Around six hundred years after Moses’ encounter at the firey bush, and about eight hundred years before Jesus was born, a prophet called Isaiah started his ministry. During the sixty odd years that he brought God’s message to the people in the Southern Kingdom of Judah, there were four different Kings in the capital of Jerusalem, two were OK, one, Ahaz, was very bad and one, Hezekiah, was good. The Northern Kingdom of Israel was defeated, and its people were carried off to exile, never to be heard of again as a nation. Invaders even reached the gates of Jerusalem, but were defeated by God’s sovereign action.
All through the book of Isaiah we keep coming back to the idea that God is King. Not only is God King, but God is the high King, the King above all Kings, the one who rules over all the nations, the one who is to be worshipped and obeyed. God is the one who sets out the way people and nations should live, and who will judge them. Because God is King, God is the one God’s people should rely on. They should not turn to other gods, or to other, worldly, kings to save them or protect them. God is their King and is trustworthy. Isaiah’s key message is that God is King.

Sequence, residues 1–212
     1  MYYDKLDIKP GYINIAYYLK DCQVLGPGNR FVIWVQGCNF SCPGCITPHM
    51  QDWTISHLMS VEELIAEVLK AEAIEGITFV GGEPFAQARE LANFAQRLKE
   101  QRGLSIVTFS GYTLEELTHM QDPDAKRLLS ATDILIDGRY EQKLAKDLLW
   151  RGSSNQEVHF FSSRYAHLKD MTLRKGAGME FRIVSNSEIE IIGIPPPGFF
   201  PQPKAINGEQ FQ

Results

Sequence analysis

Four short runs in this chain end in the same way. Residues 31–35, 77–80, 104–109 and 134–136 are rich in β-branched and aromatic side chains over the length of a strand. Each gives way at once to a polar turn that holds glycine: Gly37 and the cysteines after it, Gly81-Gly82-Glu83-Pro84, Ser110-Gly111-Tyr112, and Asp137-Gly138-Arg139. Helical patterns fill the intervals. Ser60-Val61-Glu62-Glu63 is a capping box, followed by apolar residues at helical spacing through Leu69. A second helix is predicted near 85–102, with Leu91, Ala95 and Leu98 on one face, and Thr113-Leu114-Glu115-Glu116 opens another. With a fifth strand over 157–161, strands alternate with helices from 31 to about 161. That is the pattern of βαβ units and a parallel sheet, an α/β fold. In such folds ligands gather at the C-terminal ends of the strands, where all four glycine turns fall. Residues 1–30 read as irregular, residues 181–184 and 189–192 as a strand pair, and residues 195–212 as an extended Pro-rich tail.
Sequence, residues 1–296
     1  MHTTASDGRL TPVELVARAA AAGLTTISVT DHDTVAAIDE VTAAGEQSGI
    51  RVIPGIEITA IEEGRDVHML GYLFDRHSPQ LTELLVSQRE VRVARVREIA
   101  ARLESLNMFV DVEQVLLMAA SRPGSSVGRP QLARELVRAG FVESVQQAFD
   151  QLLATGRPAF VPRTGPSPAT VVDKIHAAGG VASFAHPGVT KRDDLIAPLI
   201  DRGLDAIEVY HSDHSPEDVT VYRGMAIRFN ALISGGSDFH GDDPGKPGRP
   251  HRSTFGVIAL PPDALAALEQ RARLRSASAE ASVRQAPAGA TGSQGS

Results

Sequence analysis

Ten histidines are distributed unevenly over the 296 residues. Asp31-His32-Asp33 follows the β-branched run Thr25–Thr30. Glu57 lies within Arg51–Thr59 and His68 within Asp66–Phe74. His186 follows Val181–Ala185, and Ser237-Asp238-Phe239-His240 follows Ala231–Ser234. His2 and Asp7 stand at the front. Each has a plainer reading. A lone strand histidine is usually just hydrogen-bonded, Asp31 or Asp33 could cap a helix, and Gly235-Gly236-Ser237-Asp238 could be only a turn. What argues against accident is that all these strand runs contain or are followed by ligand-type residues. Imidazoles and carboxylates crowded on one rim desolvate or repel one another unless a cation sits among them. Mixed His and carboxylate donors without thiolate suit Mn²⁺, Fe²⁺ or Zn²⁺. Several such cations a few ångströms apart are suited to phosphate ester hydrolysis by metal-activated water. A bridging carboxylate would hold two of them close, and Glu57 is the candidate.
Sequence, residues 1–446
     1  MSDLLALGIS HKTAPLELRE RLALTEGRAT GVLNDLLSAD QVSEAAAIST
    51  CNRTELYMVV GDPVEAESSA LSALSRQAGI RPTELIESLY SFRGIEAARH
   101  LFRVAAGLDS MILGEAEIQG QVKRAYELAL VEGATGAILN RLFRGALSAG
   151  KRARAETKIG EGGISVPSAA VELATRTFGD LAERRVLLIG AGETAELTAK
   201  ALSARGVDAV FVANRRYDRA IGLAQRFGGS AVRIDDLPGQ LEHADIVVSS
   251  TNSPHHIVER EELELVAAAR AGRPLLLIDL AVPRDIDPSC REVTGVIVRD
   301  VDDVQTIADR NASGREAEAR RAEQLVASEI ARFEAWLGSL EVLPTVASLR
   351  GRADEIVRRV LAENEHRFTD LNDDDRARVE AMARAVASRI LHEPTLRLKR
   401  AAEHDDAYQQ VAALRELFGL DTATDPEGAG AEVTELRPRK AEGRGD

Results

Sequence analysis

This key message is shown in the first six chapters of the book, which are all set in the throne room of God. It’s a bit like in the Lord of the Rings films, or Arthur and his knights round the table, when the King is there with his attendants and councillors, people coming in and out, judgements being made and communicated out to the kingdom. Mostly the messages are messages of warning of the dangerous consequences of the unfaithfulness of God’s people. The image of fire appears several times in these messages, burning away the evil. In contrast some of the messages are ones of hope and promise for the future if God’s people return to God.